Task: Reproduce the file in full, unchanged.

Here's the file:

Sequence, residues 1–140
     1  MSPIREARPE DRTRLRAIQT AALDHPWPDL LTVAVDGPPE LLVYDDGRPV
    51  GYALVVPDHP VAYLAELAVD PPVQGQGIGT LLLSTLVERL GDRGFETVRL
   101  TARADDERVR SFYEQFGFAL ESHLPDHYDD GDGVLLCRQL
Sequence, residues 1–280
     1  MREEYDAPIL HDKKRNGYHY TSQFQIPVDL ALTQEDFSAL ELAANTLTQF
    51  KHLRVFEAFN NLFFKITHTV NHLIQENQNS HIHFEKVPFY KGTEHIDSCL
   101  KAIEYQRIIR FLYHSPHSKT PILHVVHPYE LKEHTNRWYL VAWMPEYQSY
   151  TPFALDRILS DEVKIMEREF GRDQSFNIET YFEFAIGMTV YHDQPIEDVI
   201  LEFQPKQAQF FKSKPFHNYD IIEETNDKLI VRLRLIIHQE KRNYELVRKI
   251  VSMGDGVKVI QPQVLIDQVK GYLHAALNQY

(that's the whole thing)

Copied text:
Sequence, residues 1–140
     1  MSPIREARPE DRTRLRAIQT AALDHPWPDL LTVAVDGPPE LLVYDDGRPV
    51  GYALVVPDHP VAYLAELAVD PPVQGQGIGT LLLSTLVERL GDRGFETVRL
   101  TARADDERVR SFYEQFGFAL ESHLPDHYDD GDGVLLCRQL
Sequence, residues 1–280
     1  MREEYDAPIL HDKKRNGYHY TSQFQIPVDL ALTQEDFSAL ELAANTLTQF
    51  KHLRVFEAFN NLFFKITHTV NHLIQENQNS HIHFEKVPFY KGTEHIDSCL
   101  KAIEYQRIIR FLYHSPHSKT PILHVVHPYE LKEHTNRWYL VAWMPEYQSY
   151  TPFALDRILS DEVKIMEREF GRDQSFNIET YFEFAIGMTV YHDQPIEDVI
   201  LEFQPKQAQF FKSKPFHNYD IIEETNDKLI VRLRLIIHQE KRNYELVRKI
   251  VSMGDGVKVI QPQVLIDQVK GYLHAALNQY